And here for Part II reviewing the potential addition of Don Bosco Prep (Ramsey, N.J.) DE/Cat prospect Alquandin Muhammad to the same line.
In Search of: QualityWhen Notre Dame safeties coach Bob Elliott joined the program last winter, he took control of a safety unit with just three players who'd played a meaningful down from scrimmage at the college level. August camp brought an influx of talent and its since evolved into one of the deepest, though still-unproven positions at the program heading into 2013.
Four-star safety and former USC pledge Max Redfield (6'2" 195) is a player of need for the Irish because of his talent, frame, head for the game, fit with the University, and potential. The position he plays, is not.
Redfield thus ranks as my third most-important target to fill Notre Dame's final three to four spots in the 2013 class. Separate from that opinion; he appears the most likely prospect to join the Irish, set to announce his intentions at the January 5 Under Armour All-America game in St. Petersburg, Fla.
Below is a look at the safety position Redfield could join heading into Spring Ball 2013.
2013 Safeties and Remaining EligibilityBelow is a look at the collection of young safeties that currently populate the Irish roster. Injured 5th-year senior Jamoris Slaughter, senior starter and the team's Defensive Player of the Year Award winner Zeke Motta, 5th-year special teams contributor Danny McCarthy, and former walk-on turned special teamer Chris Salvi will exhaust their eligibility with the BCS Championship game January 7.
Senior Austin Collinsworth (2): Sat out the 2012 season with a torn labrum suffered in the spring game last April. Collinsworth reportedly returned to practice for bowl preparations including contact drills. He will not play January 7 vs. Alabama but enters the spring as a major candidate for a starting job. Collinsworth had locked down the No. 3 safety role prior to his injury last spring.
Junior Matthias Farley (3): One of the team's most pleasant surprises and important players in relief of 5th-year safety Jamoris Slaughter (lost for the season due to an Achilles injury), Farley's head for the game, toughness (he played three days after surgery against Pittsburgh) and goal line defense efforts made him a fan favorite in this, his first season of competitive college action.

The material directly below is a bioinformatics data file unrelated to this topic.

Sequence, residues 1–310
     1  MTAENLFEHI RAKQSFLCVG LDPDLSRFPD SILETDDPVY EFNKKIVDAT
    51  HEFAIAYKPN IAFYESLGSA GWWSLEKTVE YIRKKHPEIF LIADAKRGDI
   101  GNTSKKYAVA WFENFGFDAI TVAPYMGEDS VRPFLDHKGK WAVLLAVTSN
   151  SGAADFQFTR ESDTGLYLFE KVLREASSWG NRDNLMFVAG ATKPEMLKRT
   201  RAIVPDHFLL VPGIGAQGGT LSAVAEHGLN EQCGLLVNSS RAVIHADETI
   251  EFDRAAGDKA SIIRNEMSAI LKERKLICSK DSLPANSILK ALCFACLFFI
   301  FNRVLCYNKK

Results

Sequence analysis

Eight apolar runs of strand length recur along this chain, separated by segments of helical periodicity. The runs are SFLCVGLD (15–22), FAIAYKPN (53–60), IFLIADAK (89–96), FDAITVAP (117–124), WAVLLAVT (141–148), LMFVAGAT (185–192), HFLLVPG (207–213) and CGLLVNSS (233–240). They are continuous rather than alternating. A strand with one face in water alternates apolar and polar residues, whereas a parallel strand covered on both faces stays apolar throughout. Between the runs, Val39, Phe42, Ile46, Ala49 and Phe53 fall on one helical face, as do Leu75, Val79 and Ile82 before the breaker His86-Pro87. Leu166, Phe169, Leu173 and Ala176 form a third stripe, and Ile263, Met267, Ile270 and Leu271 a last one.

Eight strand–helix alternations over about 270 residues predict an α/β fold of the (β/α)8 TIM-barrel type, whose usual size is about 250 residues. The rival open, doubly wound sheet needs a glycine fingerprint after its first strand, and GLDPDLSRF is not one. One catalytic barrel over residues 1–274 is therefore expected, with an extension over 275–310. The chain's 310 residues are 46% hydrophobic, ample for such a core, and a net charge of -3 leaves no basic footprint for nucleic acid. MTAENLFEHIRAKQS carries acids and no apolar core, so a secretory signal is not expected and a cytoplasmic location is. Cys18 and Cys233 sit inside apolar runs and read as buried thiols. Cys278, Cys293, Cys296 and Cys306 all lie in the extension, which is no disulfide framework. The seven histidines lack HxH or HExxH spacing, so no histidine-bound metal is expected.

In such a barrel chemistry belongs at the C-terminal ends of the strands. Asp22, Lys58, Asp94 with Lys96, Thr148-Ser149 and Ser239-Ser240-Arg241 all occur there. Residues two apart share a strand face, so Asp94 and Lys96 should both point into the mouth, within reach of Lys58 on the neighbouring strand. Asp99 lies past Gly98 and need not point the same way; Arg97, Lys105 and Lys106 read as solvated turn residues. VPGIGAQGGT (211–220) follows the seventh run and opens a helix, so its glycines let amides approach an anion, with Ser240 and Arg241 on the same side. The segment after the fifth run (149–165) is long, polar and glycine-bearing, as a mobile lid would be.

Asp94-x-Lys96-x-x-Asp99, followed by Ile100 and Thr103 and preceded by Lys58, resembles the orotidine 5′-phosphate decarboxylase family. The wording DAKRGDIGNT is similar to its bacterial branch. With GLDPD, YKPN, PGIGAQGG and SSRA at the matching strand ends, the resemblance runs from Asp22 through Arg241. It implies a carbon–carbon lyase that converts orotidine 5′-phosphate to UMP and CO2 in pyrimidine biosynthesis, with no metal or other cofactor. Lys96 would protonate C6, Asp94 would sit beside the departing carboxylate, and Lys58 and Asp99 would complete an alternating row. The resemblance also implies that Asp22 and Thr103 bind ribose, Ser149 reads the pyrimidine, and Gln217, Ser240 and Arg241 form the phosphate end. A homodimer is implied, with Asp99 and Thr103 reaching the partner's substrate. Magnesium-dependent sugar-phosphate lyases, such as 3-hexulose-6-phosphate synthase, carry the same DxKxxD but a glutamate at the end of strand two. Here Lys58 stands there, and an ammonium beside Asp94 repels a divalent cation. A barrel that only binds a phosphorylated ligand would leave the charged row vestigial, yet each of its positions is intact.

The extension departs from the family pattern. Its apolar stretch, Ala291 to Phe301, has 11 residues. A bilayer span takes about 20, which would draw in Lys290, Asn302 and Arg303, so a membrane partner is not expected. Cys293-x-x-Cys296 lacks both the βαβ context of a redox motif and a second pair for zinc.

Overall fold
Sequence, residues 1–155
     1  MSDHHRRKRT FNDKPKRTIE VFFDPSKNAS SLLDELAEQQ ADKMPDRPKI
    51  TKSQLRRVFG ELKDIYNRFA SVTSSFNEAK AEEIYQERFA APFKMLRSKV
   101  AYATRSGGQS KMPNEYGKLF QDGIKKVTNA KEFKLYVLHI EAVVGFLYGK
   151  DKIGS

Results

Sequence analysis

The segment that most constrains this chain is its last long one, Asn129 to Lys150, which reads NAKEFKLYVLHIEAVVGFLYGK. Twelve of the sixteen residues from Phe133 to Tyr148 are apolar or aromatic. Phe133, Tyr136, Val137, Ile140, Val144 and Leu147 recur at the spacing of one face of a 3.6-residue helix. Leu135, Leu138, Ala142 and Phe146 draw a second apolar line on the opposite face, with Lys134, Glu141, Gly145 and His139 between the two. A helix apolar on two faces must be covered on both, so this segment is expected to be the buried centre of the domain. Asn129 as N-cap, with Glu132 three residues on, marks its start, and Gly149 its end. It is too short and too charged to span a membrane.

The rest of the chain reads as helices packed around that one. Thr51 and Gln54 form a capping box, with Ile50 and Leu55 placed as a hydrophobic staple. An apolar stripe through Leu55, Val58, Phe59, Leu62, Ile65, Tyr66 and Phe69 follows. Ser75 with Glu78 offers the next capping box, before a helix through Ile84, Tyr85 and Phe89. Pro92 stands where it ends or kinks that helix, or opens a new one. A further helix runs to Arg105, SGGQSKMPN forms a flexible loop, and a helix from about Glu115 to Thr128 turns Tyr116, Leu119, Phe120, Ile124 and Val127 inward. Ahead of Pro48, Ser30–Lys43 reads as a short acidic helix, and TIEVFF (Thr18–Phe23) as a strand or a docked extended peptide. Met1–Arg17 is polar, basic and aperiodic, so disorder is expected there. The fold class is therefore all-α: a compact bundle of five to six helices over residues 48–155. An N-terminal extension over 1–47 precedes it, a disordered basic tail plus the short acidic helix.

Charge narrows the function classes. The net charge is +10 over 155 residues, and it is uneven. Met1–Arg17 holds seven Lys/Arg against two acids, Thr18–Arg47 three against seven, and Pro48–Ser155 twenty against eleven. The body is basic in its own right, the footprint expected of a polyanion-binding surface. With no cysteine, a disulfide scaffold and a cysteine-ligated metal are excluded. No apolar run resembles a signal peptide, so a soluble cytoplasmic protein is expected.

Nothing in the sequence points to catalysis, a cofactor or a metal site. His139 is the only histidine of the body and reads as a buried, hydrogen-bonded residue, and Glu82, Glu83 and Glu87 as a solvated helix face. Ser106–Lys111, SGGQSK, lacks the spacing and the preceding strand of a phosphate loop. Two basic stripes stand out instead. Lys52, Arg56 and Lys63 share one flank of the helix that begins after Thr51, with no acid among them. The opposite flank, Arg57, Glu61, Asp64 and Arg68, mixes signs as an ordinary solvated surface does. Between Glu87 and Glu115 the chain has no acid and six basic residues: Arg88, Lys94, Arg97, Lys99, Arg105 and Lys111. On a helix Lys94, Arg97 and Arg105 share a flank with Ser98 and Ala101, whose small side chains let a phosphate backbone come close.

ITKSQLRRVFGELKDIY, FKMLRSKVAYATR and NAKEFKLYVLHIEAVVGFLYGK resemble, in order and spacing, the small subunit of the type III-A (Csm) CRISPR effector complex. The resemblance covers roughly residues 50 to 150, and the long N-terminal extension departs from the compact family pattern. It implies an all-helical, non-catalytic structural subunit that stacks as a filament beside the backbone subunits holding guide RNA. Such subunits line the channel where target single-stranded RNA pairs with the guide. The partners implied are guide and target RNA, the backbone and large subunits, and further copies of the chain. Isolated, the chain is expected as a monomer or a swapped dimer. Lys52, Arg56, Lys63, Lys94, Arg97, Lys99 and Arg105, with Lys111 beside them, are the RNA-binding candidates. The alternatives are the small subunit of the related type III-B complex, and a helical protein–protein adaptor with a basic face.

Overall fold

Junior Eilar Hardy (3): Toiled on the scout team in 2012 after losing his true freshman season of '11 to a torn ACL. Spring ball and August camp will be huge for Hardy who'll be a full two years removed from surgery for the latter.
Sophomore Nicky Baratti (3): Joins Collinsworth as the lead candidate to replace Zeke Motta in the starting secondary. Developed into a special teams coverage star late in the season, his best moment one of the unit's best this fall -- a one-on-one tackle in space of USC punt returner and former All-America, Robert Woods. Baratti earned crucial time from scrimmage in close wins vs. Michigan and Pittsburgh, recording an interception in the former to save a touchdown.
Sophomore Elijah Shumate (3): Performed as the team's nickel back this season, averaging just under five snaps from scrimmage per game. The 6'0" 198-pound Don Bosco Prep-product was technically listed as a cornerback in 2012. It would be a surprise if he doesn't receive his initial spring evaluation at safety, regardless of Redfield's decision.
Sophomore C.J. Prosise (4): Moved to Dog linebacker out of necessity in August but worked at safety following the return of Dog starter Danny Spond in mid-September. He and Shumate are likely the most athletically gifted among the current eight-man group.
Sophomore John Turner (4): Like Hardy, spent most of his time on the Scout team this season after a solid first few weeks of August camp. Listed at 6'2" 207 and likely not as fleet as his position mates, Turner could be a Dog 'backer candidate for future seasons.
Sophomore Chris Badger (3): A Scout Teamer in 2012 as he worked his way back into shape following a two-year religious mission to Ecuador. Badger's first breakthrough will likely be on special teams.
Final ThoughtsNotre Dame's kickoff and punt return units ranked 84th and 115th in 2012. Their kickoff and punt coverage units were a disappointing 79th and misleading 49th, respectively. (The punt coverage unit allowed just 10 punts to be returned; one of consequence. But that 31-yarder vs. Pittsburgh greatly impacted the team's average allowed.)
After speaking briefly with safeties coach Bob Elliott Monday, it appears the bulk of the team's young defensive backs will work their way into the mix this spring. With the likely exception of Farley, look for all of the players listed above to make a special teams impact in 2013, with at least five pushing for a two-deep role deep into August camp.
Notre Dame is no longer hurting for back end athleticism, and its overall safety play in 2012 was the best at the program since 2002 when Glen Earl and Gerome Sapp roamed the secondary. But we still don't know which of these promising athletes, Redfield or those already on board, can play at a level befitting a championship defense.
As expectations change, so too does a team's standards for recruiting safeties. Redfield would be a luxury addition to an already great recruiting class.